American Presidents and Vancouver

Add a Comment by Rebecca Bollwitt

Over the years a few Presidents of the United States of America have visited Vancouver. Whether it was during the depression or war years or for speaking engagements after their terms. In 130 years the Commander in Chief has been no stranger to our city, although some visits have been few and far-between.

American Presidents and Vancouver

You may have noticed a very grand dedication to Warren G. Harding in Stanley Park. In 1923, he was the first sitting President to come to Vancouver. He spoke at a luncheon at the Hotel Vancouver and to a crowd of 50,000 in Stanley Park. One week later, in San Francisco, Harding passed away and Vancouverites were stunned. The Kiwanis Club started a campaign to get a memorial put up in Harding’s honor, in the place that he spoke in Stanley Park. Charles Marega (Caption George Vancouver statue at City Hall, Joe Fortes Monument in the West End) was commissioned for the piece.

President Harding in Vancouver. Archives item# Port N1271.06. Photographer: W.J. Moore.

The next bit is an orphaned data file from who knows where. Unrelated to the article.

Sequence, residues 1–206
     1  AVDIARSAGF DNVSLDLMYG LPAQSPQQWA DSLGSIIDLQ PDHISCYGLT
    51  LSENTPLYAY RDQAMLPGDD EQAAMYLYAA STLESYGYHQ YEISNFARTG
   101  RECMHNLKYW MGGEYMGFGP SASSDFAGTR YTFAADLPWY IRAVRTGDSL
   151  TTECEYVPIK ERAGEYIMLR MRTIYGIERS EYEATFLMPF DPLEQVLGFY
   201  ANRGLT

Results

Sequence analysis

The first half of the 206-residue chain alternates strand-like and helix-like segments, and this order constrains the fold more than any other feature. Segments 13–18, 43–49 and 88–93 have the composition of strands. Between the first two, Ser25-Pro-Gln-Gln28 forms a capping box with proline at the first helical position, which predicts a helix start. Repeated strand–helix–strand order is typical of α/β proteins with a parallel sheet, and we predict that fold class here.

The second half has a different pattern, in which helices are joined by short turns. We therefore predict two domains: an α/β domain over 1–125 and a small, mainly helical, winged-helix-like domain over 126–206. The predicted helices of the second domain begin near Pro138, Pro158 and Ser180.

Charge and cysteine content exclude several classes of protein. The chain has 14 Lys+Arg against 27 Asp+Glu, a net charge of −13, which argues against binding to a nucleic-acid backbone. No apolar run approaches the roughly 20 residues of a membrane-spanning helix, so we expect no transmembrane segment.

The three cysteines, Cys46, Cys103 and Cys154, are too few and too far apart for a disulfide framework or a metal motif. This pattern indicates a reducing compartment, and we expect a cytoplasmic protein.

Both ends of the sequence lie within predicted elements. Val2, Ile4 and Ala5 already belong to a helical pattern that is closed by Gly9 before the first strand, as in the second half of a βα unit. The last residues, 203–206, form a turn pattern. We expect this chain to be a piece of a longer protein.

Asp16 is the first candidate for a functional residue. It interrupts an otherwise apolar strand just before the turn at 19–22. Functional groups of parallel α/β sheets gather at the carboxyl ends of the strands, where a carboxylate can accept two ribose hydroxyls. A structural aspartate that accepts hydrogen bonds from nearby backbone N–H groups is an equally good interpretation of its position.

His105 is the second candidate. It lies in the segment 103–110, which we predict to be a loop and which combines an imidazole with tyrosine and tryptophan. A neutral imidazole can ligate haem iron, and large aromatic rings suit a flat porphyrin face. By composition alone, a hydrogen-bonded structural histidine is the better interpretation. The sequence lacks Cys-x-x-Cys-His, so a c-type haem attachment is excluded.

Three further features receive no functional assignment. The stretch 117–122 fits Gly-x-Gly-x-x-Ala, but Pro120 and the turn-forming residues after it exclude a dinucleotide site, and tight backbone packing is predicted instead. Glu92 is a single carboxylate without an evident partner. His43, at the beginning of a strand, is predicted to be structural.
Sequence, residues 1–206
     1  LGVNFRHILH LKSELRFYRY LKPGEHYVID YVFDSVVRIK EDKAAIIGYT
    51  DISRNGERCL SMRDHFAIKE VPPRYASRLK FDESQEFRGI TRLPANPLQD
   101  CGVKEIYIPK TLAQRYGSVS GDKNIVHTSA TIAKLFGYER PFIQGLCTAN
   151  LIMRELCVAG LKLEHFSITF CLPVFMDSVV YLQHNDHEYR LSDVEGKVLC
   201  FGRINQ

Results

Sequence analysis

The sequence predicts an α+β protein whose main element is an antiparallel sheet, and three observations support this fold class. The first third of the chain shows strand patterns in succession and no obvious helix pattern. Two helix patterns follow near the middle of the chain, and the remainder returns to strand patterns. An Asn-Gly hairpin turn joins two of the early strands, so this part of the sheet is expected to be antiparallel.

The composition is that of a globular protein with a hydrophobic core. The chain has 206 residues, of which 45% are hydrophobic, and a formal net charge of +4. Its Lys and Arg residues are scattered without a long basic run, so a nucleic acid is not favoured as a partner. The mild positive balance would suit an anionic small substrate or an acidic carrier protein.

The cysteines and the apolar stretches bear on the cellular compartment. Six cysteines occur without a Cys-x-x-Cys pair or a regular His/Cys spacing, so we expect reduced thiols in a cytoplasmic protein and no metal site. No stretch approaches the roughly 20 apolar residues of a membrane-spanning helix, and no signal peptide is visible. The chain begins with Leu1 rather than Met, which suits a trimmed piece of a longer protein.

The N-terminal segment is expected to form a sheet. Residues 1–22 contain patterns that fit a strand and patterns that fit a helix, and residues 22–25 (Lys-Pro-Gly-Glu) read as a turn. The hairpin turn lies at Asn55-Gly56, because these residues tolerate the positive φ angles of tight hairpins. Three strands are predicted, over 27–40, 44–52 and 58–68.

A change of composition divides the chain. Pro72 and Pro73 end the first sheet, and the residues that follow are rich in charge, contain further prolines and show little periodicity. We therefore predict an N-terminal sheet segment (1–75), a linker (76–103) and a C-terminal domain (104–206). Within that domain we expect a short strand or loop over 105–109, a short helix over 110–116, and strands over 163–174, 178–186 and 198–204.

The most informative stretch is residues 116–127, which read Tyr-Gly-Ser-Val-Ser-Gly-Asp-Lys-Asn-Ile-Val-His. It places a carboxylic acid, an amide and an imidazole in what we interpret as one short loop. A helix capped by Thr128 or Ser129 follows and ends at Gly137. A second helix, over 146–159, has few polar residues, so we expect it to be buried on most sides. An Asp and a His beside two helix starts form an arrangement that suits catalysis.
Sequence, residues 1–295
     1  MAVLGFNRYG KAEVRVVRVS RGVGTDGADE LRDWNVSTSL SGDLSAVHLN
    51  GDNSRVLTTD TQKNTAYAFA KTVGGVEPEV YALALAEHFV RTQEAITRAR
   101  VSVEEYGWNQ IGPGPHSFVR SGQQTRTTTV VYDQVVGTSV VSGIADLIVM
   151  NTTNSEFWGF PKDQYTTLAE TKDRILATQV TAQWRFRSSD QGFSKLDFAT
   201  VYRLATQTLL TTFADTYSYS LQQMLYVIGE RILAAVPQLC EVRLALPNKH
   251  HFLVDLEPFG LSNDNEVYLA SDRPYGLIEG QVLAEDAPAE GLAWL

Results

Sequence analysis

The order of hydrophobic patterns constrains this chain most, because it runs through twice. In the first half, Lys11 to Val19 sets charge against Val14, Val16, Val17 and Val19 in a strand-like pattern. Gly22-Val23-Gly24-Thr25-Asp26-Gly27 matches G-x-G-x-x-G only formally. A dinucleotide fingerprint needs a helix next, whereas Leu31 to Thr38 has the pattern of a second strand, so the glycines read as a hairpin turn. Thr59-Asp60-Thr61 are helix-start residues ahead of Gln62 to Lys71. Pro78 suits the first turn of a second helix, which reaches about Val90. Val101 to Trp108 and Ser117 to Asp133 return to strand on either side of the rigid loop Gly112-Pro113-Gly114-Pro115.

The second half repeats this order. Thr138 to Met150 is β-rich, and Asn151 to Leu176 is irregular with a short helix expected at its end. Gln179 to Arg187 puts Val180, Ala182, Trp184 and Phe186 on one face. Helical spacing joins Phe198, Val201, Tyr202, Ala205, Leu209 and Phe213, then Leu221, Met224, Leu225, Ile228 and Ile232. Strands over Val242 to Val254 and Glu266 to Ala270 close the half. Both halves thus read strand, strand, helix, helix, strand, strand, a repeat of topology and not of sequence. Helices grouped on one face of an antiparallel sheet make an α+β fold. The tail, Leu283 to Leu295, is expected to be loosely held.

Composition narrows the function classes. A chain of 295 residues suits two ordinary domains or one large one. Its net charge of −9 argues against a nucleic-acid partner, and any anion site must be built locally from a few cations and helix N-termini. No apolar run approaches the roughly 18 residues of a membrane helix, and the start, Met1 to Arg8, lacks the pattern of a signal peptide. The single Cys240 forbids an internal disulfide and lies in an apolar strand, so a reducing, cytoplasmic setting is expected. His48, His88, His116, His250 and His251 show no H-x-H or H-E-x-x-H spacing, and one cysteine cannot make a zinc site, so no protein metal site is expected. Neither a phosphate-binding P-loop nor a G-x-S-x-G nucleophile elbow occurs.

President & Mrs. Harding’s motorcade along Granville.
Archives item# Port P554. Photographer: Harry Bullen.

Harding & Vancouver Mayor Tisdale in the bandstand at Stanley Park. Archives item# Port N1271.16. Photographer: W.J. Moore.

In July of 1915, Teddy Roosevelt and his wife were on a train that would pass through Vancouver, where they were going to catch a boat to Seattle. According to Vancouver History: “The Vancouver Board of Trade had formed a welcoming committee to greet the Roosevelts, who would arrive at the CPR station. The Board, unwisely, had not included Mayor Louis D. Taylor in the delegation. (They didn’t like him.)”

Roosevelt’s motorcade in Vancouver heading up Hastings to Cambie
(notice the Flack Block in the background). Archives item# CVA 1477-652

As a result, Taylor (for whom Taylor Way is named) hopped on the train in Port Coquitlam to welcome the pair on his own. He was even the first to step off the train in Vancouver and introduce the Roosevelts to the crowd that waited. As the story goes, he took them for a quick spin around Stanley Park before dropping them off at their ship. The source of this story is Daniel Francis’ book L.D.: Mayor Louis Taylor and the Rise of Vancouver.

The First Lady also left an indelible imprint on Doreen Reitsma, who worked at the Hotel Vancouver at the time of the couple’s visit. After a conversation with Eleanor Roosevelt about pursuing dreams, Reitsma made history as the first to enlist in the new Women’s Division of the Royal Canadian Navy.

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